Athletes Bear Full Responsibility
Nutritional supplements present a doping risk as they may be contaminated with prohibited substances.
Athletes bear full responsibility for samples reporting a positive test due to prohibited substances contained in nutritional supplements they have taken. A reduction of the sanctions is only possible, if the athletes can prove that they have taken all precautionary measures to reduce the associated doping risk.
This risk can never be ruled out completely. Athletes should therefore only use nutritional supplements following an individual assessment of the benefits and risks. The basic principles are:
- Healthy basic diet and needs assessment by a specialist
- Take account of exclusion criteria and tips for reducing risk
Nutrition in Sport
Athletic performance is rooted in a healthy basic diet. It may make sense to adapt calorie levels depending on the sport, or to select specific foods to ensure an optimum supply of energy and nutrients.
Nutritional supplements can complement basic nutrition in order to aid individual and sport-specific needs, but should never be used as a substitute for a healthy basic diet. The use of nutritional supplements should be determined by a specialist and considered only where really necessary.
The supplement guide issued by the Swiss Sports Nutrition Society SSNS provides information on nutritional supplements and divides them into categories. Under category A, it lists supplements, which might be appropriate in certain situations.
If you have any questions concerning sports nutrition, do not hesitate to contact SSNS: contact(a)ssns.ch.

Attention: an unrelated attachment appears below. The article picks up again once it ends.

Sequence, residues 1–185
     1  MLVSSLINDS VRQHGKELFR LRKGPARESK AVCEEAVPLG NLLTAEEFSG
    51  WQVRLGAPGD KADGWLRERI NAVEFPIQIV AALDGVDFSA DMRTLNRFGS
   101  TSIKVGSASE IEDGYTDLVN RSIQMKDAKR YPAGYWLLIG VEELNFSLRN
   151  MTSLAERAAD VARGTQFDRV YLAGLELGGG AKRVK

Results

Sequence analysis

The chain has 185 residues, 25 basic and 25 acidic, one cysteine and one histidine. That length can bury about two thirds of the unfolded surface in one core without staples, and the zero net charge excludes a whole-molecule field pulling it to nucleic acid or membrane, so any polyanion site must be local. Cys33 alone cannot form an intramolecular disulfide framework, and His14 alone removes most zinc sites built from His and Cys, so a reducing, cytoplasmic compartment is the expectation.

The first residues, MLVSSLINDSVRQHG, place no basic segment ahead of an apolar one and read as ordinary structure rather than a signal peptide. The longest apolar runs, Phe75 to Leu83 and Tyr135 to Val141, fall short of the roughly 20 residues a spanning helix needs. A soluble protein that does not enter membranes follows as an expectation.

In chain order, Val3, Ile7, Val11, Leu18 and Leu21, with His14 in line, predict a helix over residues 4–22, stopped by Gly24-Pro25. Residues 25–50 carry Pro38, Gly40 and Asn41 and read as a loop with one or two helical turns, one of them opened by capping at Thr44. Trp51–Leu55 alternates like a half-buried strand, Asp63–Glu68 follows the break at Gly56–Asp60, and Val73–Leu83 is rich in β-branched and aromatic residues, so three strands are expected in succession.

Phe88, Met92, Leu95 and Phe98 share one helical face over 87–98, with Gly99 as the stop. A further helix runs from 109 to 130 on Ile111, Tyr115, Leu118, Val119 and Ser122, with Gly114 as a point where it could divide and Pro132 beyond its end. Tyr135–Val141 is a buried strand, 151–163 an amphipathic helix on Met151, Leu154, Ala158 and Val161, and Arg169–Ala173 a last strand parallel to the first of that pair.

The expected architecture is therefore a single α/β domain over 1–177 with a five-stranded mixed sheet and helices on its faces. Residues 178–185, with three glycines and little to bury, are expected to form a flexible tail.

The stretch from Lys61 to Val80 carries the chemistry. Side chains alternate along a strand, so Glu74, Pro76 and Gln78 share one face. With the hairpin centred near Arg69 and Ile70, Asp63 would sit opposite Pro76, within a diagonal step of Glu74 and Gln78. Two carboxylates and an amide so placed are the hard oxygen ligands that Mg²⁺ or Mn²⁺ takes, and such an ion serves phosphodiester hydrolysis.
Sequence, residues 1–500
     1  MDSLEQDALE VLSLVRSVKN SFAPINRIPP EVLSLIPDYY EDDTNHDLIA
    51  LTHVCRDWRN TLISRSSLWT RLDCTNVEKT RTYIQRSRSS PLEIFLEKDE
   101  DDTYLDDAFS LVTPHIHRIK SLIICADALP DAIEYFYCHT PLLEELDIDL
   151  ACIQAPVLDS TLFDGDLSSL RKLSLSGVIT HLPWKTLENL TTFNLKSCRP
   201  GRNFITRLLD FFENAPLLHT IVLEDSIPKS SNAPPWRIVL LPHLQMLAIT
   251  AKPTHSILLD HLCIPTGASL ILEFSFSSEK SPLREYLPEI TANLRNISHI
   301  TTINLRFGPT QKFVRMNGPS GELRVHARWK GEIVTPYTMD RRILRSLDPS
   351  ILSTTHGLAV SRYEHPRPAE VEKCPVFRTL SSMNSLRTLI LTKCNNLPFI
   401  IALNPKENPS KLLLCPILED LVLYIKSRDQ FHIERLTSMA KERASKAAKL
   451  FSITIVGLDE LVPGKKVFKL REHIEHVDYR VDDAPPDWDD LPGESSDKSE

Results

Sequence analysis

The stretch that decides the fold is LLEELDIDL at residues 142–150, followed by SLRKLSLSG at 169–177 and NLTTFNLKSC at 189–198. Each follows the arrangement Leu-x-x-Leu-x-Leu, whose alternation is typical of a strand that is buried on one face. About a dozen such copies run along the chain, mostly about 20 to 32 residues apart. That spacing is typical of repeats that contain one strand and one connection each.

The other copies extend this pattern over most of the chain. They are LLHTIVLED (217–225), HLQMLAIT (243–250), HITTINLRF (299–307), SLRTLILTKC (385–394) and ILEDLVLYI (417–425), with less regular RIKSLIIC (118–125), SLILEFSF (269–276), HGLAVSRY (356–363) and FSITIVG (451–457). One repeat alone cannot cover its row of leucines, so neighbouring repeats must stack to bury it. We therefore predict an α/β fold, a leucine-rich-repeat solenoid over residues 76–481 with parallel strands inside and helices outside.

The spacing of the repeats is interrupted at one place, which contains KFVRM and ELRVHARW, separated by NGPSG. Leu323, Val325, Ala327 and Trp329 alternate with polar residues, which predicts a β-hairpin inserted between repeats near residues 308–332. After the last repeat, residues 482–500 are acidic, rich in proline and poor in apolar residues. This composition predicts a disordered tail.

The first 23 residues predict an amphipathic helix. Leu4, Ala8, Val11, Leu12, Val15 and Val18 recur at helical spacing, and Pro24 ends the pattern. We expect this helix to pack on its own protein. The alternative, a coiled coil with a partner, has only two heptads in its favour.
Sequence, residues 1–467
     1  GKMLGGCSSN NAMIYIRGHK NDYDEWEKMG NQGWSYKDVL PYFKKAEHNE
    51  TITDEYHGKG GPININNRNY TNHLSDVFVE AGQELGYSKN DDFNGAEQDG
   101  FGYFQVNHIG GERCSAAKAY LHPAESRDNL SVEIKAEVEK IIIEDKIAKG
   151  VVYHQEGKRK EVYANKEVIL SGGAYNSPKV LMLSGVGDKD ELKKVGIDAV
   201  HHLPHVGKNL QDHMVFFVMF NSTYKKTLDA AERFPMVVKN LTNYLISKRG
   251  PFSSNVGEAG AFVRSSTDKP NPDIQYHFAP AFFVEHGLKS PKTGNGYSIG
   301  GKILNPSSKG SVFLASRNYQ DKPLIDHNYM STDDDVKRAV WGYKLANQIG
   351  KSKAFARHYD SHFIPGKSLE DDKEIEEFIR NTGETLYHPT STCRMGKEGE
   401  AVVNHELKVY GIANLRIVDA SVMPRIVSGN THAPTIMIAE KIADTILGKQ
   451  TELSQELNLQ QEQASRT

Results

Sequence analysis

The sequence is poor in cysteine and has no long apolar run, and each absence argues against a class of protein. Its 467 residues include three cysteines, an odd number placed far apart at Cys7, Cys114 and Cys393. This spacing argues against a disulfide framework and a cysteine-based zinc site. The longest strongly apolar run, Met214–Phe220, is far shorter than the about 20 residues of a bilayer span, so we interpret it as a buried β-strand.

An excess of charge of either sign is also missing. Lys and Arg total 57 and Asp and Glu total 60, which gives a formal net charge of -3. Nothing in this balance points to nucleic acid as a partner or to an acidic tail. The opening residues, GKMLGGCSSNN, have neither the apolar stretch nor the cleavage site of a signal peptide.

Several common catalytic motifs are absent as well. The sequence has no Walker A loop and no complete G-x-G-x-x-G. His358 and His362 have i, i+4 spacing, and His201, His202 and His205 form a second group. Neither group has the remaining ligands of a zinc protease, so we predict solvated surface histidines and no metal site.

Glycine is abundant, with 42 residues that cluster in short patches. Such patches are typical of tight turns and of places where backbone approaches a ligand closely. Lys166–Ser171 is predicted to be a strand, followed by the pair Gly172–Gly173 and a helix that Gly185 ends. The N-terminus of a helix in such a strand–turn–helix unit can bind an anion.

The only way to avoid the risk of contaminated nutritional supplements completely is to avoid using these products. Unlike medication, nutritional supplements are not regulated by the Swiss Agency for Therapeutic Products Swissmedic and have therefore lower quality requirements. Swiss Sport Integrity would therefore never classify any nutritional supplement as risk-free or safe.
Manufacturers can have their nutritional supplements tested for contamination with prohibited substances. Products listed on the websites of the following certification programs have been analyzed in accordance with their guidelines and testing programs. This is the best way of reducing the doping risk, although it does not eliminate it entirely.
Nutritional supplements may contain prohibited substances, which are not declared as ingredients on the packaging. It can be assumed that 5 to 20% of products worldwide are contaminated with substances prohibited according to the Prohibited List (Vernec et al., 2013). Contamination may occur, for example, in contaminated production facilities, or prohibited substances may be added deliberately to increase the effect of the product. There have been several cases in the past in which athletes were suspended from sport because of supplements contaminated with prohibited substances.
In addition to any possible contamination with prohibited substances, other contaminants (e.g. heavy metals or microbial load) may also be present. Health risks may also occur as a result of high dosages of nutritional supplements. The athlete’s personal needs should therefore be clarified with an independent specialist, and this advice then followed.
According to various studies, the regular and habitual use of nutritional supplements can lead to a doping mentality (Backhouse et al., 2013). For example, a subconscious psychological dependence on energy drinks can emerge if such a drink is consumed before each training session. The frequent consumption of nutritional supplements has been linked to a higher probability of the deliberate use of prohibited substances or methods further down the line.
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